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King Richard III’s Funeral: Cry, ‘Usurper’ and cancel the plans?

So now we know. The funeral of Richard III will take place from 22nd to 27th March, 2015, beginning with a procession of his remains through villages on the return route from the site of his death to the Cathedral in Leicester. There he will lie in state for three days prior to the reburial service on the 26th, which will be followed by the public opening of the ambulatory where, beneath a tomb bathed in light to represent the eternal life of the spirit, he will henceforth (I hope) be allowed to rest in peace. The official announcement led to a surprising protest from the For Richard Society, and a rather silly item in The Independent of Tuesday 14th October: ‘Yorkists fear an elaborate King Richard III reburial could reignite the War of the Roses.’ (Tchah! Like this hasn’t happened already – where’s the Indie been for the past two years, Pluto?). Apart from the procession being deemed ‘overblown and inappropriate’ (wot?), apparently the problem is the risk that the king’s remains will be abused; that the route will be lined with anti-Ricardians crying, “Boo! Hiss!” (incidentally, the same kind of risk run by any celebrity, politician or royal personage in the modern world, every time they step outside their front doors). Well… lest members of For Richard hadn’t noticed, we live in a democracy where people are (shock, horror!) entitled to dislike Richard III if they wish; and, since we also enjoy the right to free speech, to express that dislike publicly. Sure, shouting hostile remarks at a passing funeral (any funeral) would show an appalling lack of good manners, taste and respect; however, to the best of my knowledge it wouldn’t be illegal. (Same goes for laying red roses at the feet of Richard’s statue in Leicester. Provocative, certainly; illegal, certainly not). So, should the funeral procession be cancelled just in case this happens? Is there a real danger of it degenerating into a series of bloody brawls between the rival forces of ‘Richard was a good, rightful king!’ and ‘No, he was a usurping nephew-murderer!’? I don’t think so. I suspect this ‘fear’ is being fanned by a minority for whom all Leicester’s plans are an abomination, in an attempt to derail and spoil the event for the majority looking forward to it with keen anticipation. Heck, if a few immature folk with nothing better to do in their sad little lives want to yell ‘Murderer’ or ‘Usurper’ at the bones of a monarch dead for 529 years, let ’em get on with it. It’d say a lot more about them than it would about Richard III, and I trust that the more dignified and respectful majority would simply ignore them rather than kicking their heads in. I could be wrong, of course. If the procession plan goes ahead unchanged, (as I hope it will), Richard’s coffin is mobbed and thrown down, and thousands of people end up hospitalised or dead, I’m going to look a right idiot – whereupon, this being a free-speaking democracy, For Richard Society members will be free to tell me so, loud and clear. Hey ho. Guess I’ll just have to take that risk…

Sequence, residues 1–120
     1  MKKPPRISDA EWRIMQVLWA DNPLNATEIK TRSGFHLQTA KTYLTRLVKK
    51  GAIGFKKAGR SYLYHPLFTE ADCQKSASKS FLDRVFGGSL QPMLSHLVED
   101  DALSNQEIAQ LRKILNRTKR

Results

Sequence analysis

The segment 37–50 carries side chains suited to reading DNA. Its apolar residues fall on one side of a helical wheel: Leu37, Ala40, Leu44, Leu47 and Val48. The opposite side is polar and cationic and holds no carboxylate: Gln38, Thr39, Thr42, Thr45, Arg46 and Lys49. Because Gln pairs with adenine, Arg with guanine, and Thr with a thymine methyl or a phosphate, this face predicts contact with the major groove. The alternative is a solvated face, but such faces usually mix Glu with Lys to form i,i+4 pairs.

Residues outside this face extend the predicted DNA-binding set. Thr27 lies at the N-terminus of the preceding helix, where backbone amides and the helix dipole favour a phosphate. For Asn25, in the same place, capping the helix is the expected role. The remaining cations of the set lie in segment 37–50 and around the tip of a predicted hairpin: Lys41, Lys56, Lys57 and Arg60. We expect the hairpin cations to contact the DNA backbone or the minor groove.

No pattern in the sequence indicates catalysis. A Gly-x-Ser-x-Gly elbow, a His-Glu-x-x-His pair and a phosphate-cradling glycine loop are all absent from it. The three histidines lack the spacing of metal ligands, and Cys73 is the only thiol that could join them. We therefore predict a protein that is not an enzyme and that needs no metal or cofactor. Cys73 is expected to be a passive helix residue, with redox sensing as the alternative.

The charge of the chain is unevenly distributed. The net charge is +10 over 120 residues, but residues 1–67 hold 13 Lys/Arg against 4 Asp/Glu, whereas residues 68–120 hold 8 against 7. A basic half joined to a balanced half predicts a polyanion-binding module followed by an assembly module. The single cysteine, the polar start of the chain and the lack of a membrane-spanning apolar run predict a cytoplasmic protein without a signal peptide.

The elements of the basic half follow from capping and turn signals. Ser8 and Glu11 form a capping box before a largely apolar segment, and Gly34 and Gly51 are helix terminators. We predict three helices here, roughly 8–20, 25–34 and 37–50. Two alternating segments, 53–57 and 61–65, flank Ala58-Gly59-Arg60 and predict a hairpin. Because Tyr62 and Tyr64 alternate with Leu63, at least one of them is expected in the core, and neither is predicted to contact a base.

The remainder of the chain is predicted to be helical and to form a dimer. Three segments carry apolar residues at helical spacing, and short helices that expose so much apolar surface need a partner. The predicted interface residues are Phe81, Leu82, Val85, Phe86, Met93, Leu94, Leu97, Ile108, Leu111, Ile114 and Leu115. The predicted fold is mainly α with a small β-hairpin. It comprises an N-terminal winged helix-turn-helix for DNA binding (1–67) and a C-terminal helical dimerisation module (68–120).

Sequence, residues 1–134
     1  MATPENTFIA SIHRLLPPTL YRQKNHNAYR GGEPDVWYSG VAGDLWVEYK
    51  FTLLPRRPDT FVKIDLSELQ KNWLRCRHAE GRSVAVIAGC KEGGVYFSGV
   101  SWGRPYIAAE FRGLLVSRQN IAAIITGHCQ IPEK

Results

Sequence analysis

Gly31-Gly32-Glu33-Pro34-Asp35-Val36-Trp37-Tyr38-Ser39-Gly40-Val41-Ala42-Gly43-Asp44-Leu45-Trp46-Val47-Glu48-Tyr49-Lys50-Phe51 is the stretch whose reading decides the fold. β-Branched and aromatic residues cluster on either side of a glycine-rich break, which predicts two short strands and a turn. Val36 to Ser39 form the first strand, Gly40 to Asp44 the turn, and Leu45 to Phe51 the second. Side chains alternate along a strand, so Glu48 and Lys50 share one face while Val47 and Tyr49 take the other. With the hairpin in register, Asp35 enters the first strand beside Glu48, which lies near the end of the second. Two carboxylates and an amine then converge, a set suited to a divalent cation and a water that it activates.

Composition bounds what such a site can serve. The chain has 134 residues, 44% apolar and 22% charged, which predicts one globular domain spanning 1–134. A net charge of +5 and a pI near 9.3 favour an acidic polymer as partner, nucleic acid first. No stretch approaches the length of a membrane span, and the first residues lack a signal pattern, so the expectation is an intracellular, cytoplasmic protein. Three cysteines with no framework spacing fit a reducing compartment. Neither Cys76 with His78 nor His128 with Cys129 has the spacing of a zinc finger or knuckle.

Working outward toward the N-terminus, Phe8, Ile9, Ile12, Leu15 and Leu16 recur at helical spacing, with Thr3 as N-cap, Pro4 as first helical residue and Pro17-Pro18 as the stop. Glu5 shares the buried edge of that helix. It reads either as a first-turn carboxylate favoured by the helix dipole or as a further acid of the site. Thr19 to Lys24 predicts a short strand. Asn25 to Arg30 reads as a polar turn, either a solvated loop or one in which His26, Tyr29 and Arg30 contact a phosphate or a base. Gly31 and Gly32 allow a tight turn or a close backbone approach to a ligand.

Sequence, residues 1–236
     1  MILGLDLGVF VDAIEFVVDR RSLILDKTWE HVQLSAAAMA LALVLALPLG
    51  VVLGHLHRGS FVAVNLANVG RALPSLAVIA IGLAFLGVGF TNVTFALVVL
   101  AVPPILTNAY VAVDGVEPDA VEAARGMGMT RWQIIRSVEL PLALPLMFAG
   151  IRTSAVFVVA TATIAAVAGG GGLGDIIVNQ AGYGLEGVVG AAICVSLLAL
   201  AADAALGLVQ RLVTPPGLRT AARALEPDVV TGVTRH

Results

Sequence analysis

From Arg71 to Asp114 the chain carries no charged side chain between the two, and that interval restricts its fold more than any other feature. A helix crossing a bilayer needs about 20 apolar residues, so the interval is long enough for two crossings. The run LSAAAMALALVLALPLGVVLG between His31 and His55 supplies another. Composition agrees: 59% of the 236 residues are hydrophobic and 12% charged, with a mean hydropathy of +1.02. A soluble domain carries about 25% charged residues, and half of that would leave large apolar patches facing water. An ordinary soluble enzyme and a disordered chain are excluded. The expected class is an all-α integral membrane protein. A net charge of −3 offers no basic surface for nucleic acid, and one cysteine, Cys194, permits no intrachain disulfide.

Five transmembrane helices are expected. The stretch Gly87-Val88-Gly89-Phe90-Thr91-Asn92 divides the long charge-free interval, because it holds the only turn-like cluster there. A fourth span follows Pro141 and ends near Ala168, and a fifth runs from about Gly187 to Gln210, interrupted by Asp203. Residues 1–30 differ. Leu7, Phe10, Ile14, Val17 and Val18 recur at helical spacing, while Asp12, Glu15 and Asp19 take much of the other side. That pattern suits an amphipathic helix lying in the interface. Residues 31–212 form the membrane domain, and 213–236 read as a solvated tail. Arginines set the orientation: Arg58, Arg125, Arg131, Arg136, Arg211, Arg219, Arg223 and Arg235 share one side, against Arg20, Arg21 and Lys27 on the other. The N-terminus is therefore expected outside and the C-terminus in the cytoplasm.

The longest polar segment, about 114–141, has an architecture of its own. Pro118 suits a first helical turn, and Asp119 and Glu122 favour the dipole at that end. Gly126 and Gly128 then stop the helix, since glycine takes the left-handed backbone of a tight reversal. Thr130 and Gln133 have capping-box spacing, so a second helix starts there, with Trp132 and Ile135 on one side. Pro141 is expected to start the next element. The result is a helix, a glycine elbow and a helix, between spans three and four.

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9 thoughts on “King Richard III’s Funeral: Cry, ‘Usurper’ and cancel the plans?

  1. we will have to take the chance!

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  2. Dear Helen Rae, please keep ranting in your wonderful sensible funny way! Cheers

    Sent from my iPad

    >

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  3. Thank you, thank you, thank you! Sometimes, in our passion for the past, we can all get a little overheated. Nothing like a nicely-done dunk in the waters of sensible reality to cool us down.

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  4. Joan Cooksley on said:

    Think you might just have earned yourself a ticket (sorry, I mean invitation) with that, Helen!

    Liked by 1 person

  5. tee hee! alas, I’ll be too occupied with Towton Battlefield Society plans to honour the battle dead at our annual event on Palm Sunday to come down to Leicester that week – will have to make do with watching on TV. 😦

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    • Joan Cooksley on said:

      Good for you! …and you’re sure of seeing more on TV anyway. I’ve noticed that TV cameras/equipment have become more and more intrusive setting up in front of spectators at important events.

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